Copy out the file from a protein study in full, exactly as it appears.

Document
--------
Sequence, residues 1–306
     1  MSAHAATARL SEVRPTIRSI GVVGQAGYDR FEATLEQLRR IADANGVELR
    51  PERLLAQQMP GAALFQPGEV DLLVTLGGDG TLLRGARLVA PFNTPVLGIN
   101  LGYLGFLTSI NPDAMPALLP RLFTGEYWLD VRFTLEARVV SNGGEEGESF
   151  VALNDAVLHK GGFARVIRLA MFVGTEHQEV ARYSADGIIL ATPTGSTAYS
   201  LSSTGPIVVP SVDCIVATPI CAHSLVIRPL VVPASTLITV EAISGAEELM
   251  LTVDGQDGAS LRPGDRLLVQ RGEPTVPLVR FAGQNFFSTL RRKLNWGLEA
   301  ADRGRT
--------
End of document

Sequence, residues 1–306
     1  MSAHAATARL SEVRPTIRSI GVVGQAGYDR FEATLEQLRR IADANGVELR
    51  PERLLAQQMP GAALFQPGEV DLLVTLGGDG TLLRGARLVA PFNTPVLGIN
   101  LGYLGFLTSI NPDAMPALLP RLFTGEYWLD VRFTLEARVV SNGGEEGESF
   151  VALNDAVLHK GGFARVIRLA MFVGTEHQEV ARYSADGIIL ATPTGSTAYS
   201  LSSTGPIVVP SVDCIVATPI CAHSLVIRPL VVPASTLITV EAISGAEELM
   251  LTVDGQDGAS LRPGDRLLVQ RGEPTVPLVR FAGQNFFSTL RRKLNWGLEA
   301  ADRGRT